Transhealth’s rapid growth continues: 2,000 patients served, staff quadrupled to meet demand

By MERCY LINGLE

For the Gazette

Published: 08-03-2023 9:17 AM

When Transhealth opened in 2021, it sought to unlock health care for the trans community, not only in this region but from further afield.

More than two years later, one of the country’s first standalone, trans-led independent trans health care centers is doing just that. The nonprofit recently announced that it has served over 2,000 unique patients and community members — a total that includes mostly patients but also people who are helped through support groups, drop-in community space, and a free community closet.

The center has already quadrupled its staff, going from 13 two years ago to 50 today, and is actively seeking additional health care providers and staff necessary to increase capacity, with the goal of accepting new adult primary care and mental health patients as soon as possible.

“Transhealth is showing the world what health care can be,” CEO Dallas Ducar said when asked about the goals of the organization.

Transhealth offers gender-affirming hormonal, primary, and mental health care for all ages. The center also offers educational programs for service providers, has launched social groups such as the BIPOC-centered “Joy Group,” and held community celebration events at the Bombyx Center for Arts and Equity.

One new initiative is Transhealth’s Gender-Affirming Care Access Program, which enables health care providers and mental health clinicians to ask questions about the care of trans and gender-diverse patients and receive a response from Transhealth’s gender-affirming care experts. This service, which recently went live, is available to licensed professionals in Massachusetts.

Through this service, Transhealth, according to its website, hopes to increase all Massachusetts health care providers’ capacity to deliver “compassionate, gender-affirming care.” The Blue Cross Shield Foundation funds it.

“Nursing schools, medical schools, and other clinical training programs are not adequately preparing clinicians to care for trans and gender-diverse patients,” Ducar said in a statement announcing the program. “That’s why this program is so critical. Every question asked and every peer-to-peer conversation that takes place creates a ripple effect that will enhance our state’s capacity to deliver the kind of compassionate, affirming care that every person deserves.”

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It’s estimated that there are over 45,000 trans and gender-diverse people living in Massachusetts.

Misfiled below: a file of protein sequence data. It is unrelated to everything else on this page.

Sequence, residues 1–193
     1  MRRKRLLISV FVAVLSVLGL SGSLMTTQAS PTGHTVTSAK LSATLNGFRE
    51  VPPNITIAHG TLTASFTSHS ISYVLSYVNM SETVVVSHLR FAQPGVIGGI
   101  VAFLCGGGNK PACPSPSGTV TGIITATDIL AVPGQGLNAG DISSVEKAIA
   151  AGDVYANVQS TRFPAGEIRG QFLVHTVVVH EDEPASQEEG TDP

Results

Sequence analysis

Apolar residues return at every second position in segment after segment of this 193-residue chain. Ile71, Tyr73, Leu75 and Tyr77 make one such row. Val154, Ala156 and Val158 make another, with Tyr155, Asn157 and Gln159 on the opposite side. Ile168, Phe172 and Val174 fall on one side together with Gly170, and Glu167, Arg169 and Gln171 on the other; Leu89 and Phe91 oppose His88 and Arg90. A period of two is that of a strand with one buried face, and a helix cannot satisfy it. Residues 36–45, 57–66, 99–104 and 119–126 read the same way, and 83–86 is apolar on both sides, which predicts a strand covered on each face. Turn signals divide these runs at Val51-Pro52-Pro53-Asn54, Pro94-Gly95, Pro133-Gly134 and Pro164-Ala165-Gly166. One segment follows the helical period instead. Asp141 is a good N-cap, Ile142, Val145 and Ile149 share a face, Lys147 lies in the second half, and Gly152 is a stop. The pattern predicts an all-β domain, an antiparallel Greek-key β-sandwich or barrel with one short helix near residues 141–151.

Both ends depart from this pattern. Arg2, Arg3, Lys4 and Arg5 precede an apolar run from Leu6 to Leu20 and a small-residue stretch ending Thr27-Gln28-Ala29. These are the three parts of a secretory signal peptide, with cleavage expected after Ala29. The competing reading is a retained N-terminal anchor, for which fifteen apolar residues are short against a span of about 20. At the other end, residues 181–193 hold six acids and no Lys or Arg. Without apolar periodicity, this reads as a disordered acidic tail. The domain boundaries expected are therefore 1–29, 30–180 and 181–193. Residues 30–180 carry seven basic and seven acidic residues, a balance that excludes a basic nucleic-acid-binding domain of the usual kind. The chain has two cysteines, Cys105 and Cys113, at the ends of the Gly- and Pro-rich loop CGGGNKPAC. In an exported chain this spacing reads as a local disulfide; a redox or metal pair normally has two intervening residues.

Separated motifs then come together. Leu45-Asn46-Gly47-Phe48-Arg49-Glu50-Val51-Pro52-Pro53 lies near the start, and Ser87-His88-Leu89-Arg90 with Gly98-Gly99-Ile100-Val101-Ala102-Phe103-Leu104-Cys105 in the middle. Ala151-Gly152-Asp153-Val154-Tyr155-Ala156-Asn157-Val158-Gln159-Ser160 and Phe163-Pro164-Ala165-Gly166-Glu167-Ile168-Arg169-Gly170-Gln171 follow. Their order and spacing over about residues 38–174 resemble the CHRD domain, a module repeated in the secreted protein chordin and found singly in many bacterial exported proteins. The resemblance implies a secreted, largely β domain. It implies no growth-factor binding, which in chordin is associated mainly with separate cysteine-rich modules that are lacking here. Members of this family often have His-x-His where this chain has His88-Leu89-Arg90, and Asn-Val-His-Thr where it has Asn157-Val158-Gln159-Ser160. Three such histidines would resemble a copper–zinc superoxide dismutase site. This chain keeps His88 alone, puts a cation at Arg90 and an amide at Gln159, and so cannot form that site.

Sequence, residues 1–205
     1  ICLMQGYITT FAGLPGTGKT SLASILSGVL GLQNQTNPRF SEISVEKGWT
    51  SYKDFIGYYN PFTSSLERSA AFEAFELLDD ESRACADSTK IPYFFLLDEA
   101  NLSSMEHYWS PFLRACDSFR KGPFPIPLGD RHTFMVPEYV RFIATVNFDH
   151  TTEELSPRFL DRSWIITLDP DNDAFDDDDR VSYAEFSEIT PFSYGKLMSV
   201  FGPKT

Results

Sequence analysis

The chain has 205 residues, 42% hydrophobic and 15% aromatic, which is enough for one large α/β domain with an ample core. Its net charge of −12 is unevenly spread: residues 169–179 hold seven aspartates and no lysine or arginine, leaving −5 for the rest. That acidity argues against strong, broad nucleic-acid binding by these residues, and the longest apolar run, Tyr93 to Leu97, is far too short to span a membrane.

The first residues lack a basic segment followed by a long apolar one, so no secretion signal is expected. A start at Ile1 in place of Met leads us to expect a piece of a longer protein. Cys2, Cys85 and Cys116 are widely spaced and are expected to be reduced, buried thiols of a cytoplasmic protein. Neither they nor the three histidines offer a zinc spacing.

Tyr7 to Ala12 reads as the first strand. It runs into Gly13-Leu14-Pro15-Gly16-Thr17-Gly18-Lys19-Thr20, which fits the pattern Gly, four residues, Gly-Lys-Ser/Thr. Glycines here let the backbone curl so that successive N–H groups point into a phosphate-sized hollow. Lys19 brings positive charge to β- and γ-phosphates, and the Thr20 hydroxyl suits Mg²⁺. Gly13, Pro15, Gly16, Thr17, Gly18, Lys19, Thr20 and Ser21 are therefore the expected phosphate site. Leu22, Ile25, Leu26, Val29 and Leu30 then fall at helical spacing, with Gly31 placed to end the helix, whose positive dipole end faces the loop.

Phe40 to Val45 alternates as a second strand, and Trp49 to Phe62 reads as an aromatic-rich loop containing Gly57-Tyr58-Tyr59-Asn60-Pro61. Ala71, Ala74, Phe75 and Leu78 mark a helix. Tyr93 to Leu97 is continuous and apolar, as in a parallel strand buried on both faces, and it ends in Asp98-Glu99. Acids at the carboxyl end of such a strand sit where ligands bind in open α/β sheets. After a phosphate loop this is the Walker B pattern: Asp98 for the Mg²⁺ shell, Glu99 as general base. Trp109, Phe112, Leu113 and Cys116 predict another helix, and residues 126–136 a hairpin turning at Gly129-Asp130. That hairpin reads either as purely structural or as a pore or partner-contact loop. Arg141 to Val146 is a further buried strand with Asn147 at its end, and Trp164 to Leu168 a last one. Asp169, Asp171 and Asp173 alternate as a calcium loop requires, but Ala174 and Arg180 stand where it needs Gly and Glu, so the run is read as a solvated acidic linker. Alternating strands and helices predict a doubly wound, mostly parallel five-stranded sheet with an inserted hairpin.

Transhealth has also recently launched TranshealthRX to give patients more affordable access to medications.

Transhealth’s founding

Transhealth was founded by local community members frustrated by the lack of accessible health care for trans individuals in western Massachusetts. Ducar said that the concept for the clinic was “rooted in many years of attempts to get access to good community health care.” The original team of providers was tired of having to drive two to three hours for quality health care.

In order to set up a local option, they first launched a “Plan and Act for Transgender Health” project. The goal was to find out what the need was in western Massachusetts for gender-diverse health care.

This project, completed in conjunction with the Fenway Institute, Cooley Dickinson Hospital and the Harvard Medical School, showed there was high demand and led to the center’s creation.

The staff consists of primarily local trans and gender-diverse individuals, including two doctors and a physician assistant, 11 nurses and nurse practitioners, six clinical technicians and 10 therapists and psychiatric nurse practicitioners.

“We were able to exceed our wildest dreams of what this could become,” said Ducar.

Nowadays, some patients at Transhealth cross state lines to get their health care. Considering the original goal of the clinic was to make health care more accessible so that people would not need to cross state lines, this fact demonstrates the ongoing need for gender-affirming health care.

As Transhealth expands, Ducar said the clinic plans to put energy into researching barriers to providing quality health care for nonwhite individuals. Transhealth is currently in a planning phase, trying to figure out how to become an anti-racist organization.

According to Ducar, Transhealth is primarily concerned with providing “good, patient-centered care,” but they are, as an organization, inherently interested in activism. Ducar never expected the staff at Transhealth to be consulted by policymakers in government, but that has happened.

Moreover, Transhealth has deliberately chosen which information about the clinic to share online. The center doesn’t publicize its location, other than to say they are located in western Massachusetts. While this region has been supportive, Ducar noted there will always be concerns about the safety of Transhealth’s staff and patients, especially when politicians use the rights of transgender individuals as a “weapon” in attempts to rally people around a common enemy.

“I believe that the attacks on trans rights are a losing battle,” Ducar said. As a person who has lived in southern states including Arizona and Virginia, she said that the average southern family is not talking about trans rights at their kitchen table, contrary to the frequency of negative depictions of transgender individuals by some politicians.

As for this region, Ducar says people are “totally” support of the Transhealth mission.

“I believe that this is health care that everyone deserves,” Ducar said.

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